Cullen was back to oversee the men who came for granda’s things. I’d helped father pack everything away. There was only the two chairs for sitting in and the one table for tea. While I was putting the Spode on the tray with the doily the way my mother had shown me, I heard father tell him – ‘Mr Greene’ he was known by then – he told him, ‘Thank you for giving us personal attention.’ He said, ‘So are you large with God, to take such special care?’ Cullen said he wasn’t but he had mind that our granda was and as such deserved respect. When I brought the tea in and put it on the table, father turned his head to look at me. Cullen only looked at the Spode on the tray with the doily.
The Lord gave me a husband and a son. My husband was a man of strong temper, but protected us – himself, our Duncan and me – in the wilderness of New Zealand, so far from home. I don’t like to speak ill of my husband. But Cullen, he wanted to give our Duncan a man’s sense of weight and worry. He sometimes lost his temper on the boy. The boy went off. He went off, and I never knew to where.
I want you to imagine something for me. Let me think. Okay, this is what it was like. Imagine it’s spring, one of those surprising spring days nobody expects. You might be in your home city or away somewhere – visiting friends, travelling for work, whatever. Wherever you are, you turn down a street you haven’t been to before and you see the entrance to a café. Maybe there’s a delicious smell. Maybe there’s an empty table in a sunny spot at the front window. There’s a sort of frame around the place. You’re curious. Even the door is interesting. See yourself walk in. Sit down at a table.
You can’t believe how amazing this place is. The décor is gorgeous, but just unexpected enough to be interesting. It fits all of your tastes and invents new ones. It inspires you. You’re having ideas. You love the music, the menu, and the architecture. It might not be locally owned. It might be run by Algerian or Italian or Japanese owners. It comes with its own culture. It’s like a dream but better, because there are things about it you could never have dreamt up yourself. That something so perfect for you could exist in the world is making you incredibly happy. Remember, you saw this place and walked in. It was your decision.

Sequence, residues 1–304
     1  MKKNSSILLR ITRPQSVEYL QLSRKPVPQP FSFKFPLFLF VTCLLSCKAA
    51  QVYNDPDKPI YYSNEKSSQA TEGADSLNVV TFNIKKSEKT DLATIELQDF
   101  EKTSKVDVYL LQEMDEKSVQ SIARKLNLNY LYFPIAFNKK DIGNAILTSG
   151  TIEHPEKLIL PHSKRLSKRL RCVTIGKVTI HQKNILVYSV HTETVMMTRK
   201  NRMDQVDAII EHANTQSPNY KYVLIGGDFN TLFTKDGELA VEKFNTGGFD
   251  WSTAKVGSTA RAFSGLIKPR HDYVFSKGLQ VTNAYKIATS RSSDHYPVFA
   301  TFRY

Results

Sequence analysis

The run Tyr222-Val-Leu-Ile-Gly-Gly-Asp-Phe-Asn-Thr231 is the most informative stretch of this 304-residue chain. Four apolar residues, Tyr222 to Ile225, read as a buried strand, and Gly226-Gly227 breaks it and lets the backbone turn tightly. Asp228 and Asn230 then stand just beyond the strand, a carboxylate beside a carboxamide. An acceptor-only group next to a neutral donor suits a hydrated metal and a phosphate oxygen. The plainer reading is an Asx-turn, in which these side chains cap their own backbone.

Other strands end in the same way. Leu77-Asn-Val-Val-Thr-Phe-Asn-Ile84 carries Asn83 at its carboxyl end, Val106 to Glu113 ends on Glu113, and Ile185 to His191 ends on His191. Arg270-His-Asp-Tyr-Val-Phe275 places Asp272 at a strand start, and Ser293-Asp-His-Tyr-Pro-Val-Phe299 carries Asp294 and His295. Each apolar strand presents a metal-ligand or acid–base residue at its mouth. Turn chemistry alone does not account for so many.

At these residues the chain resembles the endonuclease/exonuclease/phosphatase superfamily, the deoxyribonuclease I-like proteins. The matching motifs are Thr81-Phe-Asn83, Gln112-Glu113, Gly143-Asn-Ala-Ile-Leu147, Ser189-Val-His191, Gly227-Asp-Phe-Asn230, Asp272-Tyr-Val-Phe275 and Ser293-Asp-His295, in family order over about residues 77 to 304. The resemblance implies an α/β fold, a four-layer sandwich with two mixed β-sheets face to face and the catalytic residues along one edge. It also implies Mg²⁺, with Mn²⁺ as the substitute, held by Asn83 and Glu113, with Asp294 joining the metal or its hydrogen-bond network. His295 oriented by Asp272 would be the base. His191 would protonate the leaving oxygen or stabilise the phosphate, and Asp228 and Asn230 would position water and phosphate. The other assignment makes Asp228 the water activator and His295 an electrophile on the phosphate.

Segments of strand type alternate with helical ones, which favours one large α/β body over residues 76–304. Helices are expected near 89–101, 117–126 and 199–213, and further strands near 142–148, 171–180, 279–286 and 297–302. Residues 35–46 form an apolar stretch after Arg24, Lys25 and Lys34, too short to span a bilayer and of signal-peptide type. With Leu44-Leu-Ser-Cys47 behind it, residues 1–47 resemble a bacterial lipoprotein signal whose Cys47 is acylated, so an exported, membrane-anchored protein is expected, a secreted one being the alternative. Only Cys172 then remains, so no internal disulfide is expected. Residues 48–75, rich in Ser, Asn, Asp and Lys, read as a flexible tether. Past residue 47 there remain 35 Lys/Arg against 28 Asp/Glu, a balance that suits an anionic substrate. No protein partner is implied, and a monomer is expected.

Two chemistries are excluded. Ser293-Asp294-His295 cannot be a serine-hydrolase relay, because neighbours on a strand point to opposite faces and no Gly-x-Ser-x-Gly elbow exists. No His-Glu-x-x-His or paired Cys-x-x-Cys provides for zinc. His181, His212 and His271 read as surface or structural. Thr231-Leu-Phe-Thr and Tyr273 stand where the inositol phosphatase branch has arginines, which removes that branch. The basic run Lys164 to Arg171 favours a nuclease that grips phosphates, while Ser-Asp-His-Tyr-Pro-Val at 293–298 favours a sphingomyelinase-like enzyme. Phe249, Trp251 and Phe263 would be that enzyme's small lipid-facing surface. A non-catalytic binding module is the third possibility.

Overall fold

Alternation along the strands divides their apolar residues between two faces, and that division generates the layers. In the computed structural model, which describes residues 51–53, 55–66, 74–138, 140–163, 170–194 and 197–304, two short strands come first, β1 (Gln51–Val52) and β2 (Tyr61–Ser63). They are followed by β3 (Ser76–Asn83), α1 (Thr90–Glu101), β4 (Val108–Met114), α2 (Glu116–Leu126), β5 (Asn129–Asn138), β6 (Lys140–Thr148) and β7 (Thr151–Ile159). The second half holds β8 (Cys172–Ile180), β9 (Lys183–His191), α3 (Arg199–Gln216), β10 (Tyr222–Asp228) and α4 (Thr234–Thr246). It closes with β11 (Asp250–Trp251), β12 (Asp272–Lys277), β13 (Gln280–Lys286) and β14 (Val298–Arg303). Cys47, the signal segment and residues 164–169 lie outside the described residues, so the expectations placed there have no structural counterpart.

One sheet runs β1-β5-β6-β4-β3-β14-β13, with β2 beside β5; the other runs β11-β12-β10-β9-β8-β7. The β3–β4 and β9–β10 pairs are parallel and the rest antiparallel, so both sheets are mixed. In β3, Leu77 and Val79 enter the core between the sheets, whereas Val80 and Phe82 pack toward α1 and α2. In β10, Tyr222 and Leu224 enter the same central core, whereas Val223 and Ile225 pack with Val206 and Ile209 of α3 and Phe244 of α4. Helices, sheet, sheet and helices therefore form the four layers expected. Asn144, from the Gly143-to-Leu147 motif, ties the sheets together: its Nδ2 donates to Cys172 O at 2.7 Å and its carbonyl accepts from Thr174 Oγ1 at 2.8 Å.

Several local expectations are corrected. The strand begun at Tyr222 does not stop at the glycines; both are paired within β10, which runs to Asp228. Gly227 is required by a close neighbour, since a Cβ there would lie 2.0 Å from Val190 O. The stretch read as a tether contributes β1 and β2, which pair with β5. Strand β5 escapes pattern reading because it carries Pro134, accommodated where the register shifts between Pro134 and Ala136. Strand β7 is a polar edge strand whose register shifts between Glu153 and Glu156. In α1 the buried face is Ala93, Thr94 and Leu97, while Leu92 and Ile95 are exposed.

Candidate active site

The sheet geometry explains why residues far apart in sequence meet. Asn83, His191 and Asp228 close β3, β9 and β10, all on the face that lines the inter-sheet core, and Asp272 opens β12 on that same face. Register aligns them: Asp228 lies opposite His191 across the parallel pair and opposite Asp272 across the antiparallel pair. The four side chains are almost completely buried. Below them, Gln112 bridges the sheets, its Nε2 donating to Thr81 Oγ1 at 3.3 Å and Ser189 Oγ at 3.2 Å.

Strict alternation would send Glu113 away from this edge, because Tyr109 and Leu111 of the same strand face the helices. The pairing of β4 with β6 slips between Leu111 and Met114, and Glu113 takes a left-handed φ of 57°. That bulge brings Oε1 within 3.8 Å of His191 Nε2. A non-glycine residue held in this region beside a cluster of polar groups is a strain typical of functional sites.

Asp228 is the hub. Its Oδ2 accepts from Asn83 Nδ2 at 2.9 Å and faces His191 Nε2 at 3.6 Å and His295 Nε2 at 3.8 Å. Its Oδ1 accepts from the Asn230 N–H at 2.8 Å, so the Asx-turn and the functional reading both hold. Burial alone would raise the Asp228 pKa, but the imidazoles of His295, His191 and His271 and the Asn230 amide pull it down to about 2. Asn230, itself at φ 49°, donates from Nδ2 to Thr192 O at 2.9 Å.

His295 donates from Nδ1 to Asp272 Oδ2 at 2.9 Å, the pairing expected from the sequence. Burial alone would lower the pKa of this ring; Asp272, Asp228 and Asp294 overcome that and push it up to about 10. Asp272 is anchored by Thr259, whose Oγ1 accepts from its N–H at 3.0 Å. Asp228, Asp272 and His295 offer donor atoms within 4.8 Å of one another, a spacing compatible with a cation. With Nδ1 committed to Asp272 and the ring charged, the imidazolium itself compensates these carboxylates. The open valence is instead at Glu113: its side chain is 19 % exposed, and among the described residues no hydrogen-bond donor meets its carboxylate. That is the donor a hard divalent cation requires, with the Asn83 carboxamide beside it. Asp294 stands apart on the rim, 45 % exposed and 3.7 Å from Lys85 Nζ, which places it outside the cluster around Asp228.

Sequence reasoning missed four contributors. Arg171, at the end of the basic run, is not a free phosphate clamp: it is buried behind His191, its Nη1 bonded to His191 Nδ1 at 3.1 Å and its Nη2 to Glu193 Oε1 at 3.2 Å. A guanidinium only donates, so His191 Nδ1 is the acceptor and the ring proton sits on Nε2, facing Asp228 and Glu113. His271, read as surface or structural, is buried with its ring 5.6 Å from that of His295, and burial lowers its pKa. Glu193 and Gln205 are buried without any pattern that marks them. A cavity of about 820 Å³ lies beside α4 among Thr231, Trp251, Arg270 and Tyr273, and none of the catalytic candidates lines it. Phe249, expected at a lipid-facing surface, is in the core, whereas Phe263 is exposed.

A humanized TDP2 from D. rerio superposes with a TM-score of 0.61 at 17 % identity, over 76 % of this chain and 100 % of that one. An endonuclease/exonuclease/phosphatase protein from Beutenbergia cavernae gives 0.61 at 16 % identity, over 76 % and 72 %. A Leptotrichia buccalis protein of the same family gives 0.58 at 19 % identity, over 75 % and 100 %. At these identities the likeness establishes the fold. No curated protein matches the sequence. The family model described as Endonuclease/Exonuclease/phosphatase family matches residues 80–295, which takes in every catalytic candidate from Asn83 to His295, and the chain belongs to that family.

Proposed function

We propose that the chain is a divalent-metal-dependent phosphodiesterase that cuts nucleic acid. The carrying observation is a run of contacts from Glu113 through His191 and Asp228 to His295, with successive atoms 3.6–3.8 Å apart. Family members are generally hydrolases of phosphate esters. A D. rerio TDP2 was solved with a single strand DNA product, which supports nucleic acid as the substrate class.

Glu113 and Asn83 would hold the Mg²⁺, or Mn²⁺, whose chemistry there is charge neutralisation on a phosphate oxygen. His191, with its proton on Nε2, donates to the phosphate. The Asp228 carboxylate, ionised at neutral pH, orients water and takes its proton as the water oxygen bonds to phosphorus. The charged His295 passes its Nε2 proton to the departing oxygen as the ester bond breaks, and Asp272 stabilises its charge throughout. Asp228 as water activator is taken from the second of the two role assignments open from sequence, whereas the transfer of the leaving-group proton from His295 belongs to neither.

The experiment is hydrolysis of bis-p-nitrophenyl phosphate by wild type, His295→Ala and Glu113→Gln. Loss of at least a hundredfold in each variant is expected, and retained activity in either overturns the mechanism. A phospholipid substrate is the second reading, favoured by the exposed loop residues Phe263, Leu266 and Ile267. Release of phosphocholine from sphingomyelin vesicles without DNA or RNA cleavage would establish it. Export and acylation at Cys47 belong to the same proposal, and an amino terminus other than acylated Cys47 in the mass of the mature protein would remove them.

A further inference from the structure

You linger in the café for the rest of the day. You go back as often as you can after that, and when it comes time to leave, you don’t want to go. You want to tell your friends and family about it, but you don’t straight away because you also want to keep it for yourself. At the same time, you don’t feel threatened by the idea of other people going there, because it hasn’t been so perfectly designed for anyone else, only for you. Other people can never appreciate it like you can.
Gradually, you become aware that by the standards of the outside world you’re spending too much time in your café. You’ve forgotten what was important before you first went there. But you don’t worry, because it’s the best place for you to be. You’re confident about this because of the way it makes you feel. The feeling you have is new. The emotions you carry around with you. Then.
You become aware of one or two niggles. There’s a cold draft. The hand drier in the bathroom doesn’t work. Whatever they are, these things don’t matter in the context of your new discovery. You can live with them or fix them. Whatever. But one day you’re in your café – you think of it as yours now – and you realise something, all of a sudden. You realise that you can’t leave. You’re committed now, and this café is where you live and most of the time that’s okay. But a few of the problems aren’t so minor after all, it turns out. A few of them, one or two, are fundamental. There’s no food, or there’s no heating, and winter is coming.
You adapt. The discovery of the flaws and the adaptations are simultaneous, and the process only entrenches you further. You can’t help feeling ripped off at how the place turned out to be different from what you thought.
How is it different, though? It’s not the details that are important. It’s the how. That’s the worst thing, because if there was anything you couldn’t immediately see, you invented the details yourself. You laid them over what was there.
I did when Rob and I got together, anyway, and looking back now, I can’t remember which bits were real and which bits I made up.
ABOUT THE AUTHOR
Amy Head returned from London at the beginning of 2010 to complete her MA at the IIML. For her folio project she wrote a series of short stories set on the West Coast of the South Island, several of which take place during the gold rushes of the 1860s.